Talking with Tim Suchsland (Kazakhstan)
Where and when did you serve in the Peace Corps, and what was your Peace Corp project assignment?
Kazakhstan, 2007-09 — I was a TEFL teacher in a village near the Russian border called Yavlenka.
Tell us about where you lived and worked.
Yavlenka is in northern Kazakhstan about 50 miles from the Russian border and 1.5 hours from a city called Petropavl. The village was a regional center so it had quite a bit of activity and business for rural Kazakhstan. It was also a big agricultural area so lots of farming in the area. The landscape was fairly flat where the Kazakh steppe met the West Siberian Plains.
I lived with host families my entire time in the PC. During training, I lived with a Kazakh family. My first year in Yavlenka I also lived with a Kazakh family of 5. In my last year, I lived with a Russian babushka (old woman).
What kind of work did you do?
I was an English teacher in a Russian language school. I taught students from grades 4 to 11.
What is your educational background?
I received my bachelors degree from the University of Nevada/Reno in history and art, and I graduated in 2007. After the Peace Corps, I returned and received a masters in counseling and educational psychology in 2011.
Did your college education help you as a PCV?
Besides a basic understanding in English, no, my degree didn’t specifically help me. My degree did help me understand the cultural and historical context of my PC assignment. The former Soviet Union has a deep and complicated history. My educational background helped me better appreciate this. I had also studied abroad in Spain and Germany while I was an undergrad. Those two experiences helped me with having a deeper cultural awareness of the world, and practice in patience and flexibility.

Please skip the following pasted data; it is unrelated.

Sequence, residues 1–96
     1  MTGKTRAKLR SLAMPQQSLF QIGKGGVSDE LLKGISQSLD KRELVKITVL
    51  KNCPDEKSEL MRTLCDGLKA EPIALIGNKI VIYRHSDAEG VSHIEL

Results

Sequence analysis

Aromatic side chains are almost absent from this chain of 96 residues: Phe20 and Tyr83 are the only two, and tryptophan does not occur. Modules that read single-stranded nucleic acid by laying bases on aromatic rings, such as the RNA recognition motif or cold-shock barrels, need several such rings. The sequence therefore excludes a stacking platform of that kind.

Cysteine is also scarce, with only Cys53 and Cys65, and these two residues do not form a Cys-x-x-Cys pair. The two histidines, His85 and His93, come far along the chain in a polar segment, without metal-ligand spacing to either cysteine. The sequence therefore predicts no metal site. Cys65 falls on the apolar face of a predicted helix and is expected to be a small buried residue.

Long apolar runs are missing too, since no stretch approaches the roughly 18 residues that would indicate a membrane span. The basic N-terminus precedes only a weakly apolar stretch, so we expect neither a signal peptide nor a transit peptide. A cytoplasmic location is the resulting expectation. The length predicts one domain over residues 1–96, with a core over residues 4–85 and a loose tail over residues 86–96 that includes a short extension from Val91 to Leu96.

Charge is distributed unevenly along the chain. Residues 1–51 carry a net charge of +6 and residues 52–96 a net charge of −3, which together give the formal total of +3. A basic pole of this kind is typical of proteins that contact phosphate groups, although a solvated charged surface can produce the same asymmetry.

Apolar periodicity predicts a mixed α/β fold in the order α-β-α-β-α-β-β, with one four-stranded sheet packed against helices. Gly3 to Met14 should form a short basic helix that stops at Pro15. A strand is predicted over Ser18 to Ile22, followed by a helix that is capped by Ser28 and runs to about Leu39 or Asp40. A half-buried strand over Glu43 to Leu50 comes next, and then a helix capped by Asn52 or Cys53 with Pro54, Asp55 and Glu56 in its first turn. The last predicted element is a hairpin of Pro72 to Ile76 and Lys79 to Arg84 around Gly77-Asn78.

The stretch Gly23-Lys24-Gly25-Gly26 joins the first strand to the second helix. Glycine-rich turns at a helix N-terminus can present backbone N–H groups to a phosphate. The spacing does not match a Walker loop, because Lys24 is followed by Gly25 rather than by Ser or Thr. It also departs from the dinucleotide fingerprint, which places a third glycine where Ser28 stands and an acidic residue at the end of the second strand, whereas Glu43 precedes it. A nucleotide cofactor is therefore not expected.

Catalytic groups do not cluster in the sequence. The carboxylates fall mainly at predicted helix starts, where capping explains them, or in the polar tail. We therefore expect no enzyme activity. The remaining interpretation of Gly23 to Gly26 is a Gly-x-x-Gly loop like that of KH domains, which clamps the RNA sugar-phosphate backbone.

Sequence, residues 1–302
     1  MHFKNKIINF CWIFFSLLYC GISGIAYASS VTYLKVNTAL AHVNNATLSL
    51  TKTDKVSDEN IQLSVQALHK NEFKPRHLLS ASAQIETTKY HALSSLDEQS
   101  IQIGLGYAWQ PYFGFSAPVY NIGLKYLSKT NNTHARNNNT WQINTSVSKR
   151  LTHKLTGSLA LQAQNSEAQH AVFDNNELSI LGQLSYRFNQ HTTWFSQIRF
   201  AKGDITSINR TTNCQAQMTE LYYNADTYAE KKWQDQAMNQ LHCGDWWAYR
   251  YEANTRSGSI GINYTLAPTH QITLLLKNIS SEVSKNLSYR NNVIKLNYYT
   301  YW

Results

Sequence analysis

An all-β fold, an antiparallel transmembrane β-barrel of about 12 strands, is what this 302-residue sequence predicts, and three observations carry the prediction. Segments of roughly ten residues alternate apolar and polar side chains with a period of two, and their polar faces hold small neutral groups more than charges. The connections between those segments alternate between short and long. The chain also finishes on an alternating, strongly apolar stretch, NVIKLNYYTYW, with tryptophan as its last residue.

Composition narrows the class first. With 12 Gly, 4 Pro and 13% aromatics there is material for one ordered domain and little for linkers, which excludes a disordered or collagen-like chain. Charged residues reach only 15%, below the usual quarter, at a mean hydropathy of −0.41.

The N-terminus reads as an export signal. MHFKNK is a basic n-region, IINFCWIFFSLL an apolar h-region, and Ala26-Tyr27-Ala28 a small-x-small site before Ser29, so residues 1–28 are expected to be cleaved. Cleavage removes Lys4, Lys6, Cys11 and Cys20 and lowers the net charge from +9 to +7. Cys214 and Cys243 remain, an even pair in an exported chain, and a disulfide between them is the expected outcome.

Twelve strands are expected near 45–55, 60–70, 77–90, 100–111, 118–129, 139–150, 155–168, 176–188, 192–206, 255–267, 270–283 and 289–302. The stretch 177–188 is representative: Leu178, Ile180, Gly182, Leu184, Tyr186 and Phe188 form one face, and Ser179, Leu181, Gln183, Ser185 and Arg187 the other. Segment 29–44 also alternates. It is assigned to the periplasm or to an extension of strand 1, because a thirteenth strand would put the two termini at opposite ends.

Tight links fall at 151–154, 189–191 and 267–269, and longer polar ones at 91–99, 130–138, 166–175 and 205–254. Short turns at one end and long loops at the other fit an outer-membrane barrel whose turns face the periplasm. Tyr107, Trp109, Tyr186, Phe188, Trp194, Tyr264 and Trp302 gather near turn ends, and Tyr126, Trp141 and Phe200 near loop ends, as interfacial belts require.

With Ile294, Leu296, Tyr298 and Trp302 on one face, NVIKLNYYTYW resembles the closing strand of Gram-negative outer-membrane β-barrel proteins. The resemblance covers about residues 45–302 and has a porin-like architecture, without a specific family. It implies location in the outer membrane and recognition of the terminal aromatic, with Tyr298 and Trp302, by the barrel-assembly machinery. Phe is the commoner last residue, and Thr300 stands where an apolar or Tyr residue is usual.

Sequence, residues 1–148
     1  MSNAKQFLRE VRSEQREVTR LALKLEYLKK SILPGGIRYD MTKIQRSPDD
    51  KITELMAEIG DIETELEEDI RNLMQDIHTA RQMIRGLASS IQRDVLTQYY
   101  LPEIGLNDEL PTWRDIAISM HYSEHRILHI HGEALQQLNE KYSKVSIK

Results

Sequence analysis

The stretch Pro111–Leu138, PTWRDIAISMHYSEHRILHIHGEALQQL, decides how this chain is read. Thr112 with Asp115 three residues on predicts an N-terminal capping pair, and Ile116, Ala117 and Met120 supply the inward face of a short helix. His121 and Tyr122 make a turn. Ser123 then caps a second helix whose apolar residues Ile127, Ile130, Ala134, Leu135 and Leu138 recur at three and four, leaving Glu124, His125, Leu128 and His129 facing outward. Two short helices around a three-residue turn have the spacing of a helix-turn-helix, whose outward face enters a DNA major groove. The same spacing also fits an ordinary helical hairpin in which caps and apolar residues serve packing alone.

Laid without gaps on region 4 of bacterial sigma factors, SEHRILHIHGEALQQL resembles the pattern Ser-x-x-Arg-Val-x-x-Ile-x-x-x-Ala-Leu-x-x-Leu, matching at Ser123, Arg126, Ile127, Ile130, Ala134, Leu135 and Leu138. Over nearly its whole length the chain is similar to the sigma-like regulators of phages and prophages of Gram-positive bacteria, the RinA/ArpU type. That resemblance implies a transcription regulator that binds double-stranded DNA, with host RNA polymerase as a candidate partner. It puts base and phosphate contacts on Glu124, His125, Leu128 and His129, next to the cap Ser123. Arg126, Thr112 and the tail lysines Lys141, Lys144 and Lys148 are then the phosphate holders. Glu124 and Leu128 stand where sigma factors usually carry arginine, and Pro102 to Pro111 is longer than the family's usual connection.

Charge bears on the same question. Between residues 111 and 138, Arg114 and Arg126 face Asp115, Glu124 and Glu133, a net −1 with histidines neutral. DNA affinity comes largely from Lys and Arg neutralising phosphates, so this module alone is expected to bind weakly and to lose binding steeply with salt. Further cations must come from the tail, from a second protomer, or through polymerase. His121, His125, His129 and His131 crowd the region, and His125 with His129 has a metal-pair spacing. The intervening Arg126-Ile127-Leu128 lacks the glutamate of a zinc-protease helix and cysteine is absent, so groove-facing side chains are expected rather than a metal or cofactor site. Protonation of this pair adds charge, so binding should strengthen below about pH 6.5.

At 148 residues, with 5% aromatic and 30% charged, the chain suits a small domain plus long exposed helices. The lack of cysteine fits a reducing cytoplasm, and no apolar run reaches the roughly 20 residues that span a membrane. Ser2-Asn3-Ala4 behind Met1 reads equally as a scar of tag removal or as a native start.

How was it going into the class the first day with the language training you had ?
Since I had a local counterpart, who I team taught classes with, it wasn’t too difficult teaching class with my language skills. We mostly only spoke English when teaching, but she would explain things in Russian on certain things like grammar or definitions to our students. Training did a good job that I was able to speak well enough by the time I left for service, though I struggled with listening and comprehension. That would plague me for a lot of the time I was in Kazakhstan. Russian and Kazakh are difficult languages to learn. The real challenge after training was just my inexperience with teaching. I was a novice for sure, so I had to learn a lot on the job.
How long did it for you to take to feel comfortable with it?
With the language? While in training I was in the Russian cohort. (Russian was the lingua franca of Kazakhstan.) I enjoyed learning it but it is definitely a tough language to learn. I learned a few Kazakh phrases too but I found that I mostly needed Russian to get around. By my 2nd year of service I was feeling pretty good about my language skills. Living with a babushka who didn’t speak any English helped tremendously. We watched a lot of Russian soap operas too, and that helped my Russian.
As for teaching, that took me a while to get used too. During training, a majority of the time we were in language classes, so less time was devoted to the job training. After the first year, I was getting more comfortable with the work. The two years of experience teaching there really helped in my post Peace Corps career. .
What have you done since the Peace Corps?
I have been a school counselor since 2011 in the Seattle area. I am also an artist.
What are you doing now?
I still work a 9-5 as a school counselor. It’s a great job and I enjoy working with students.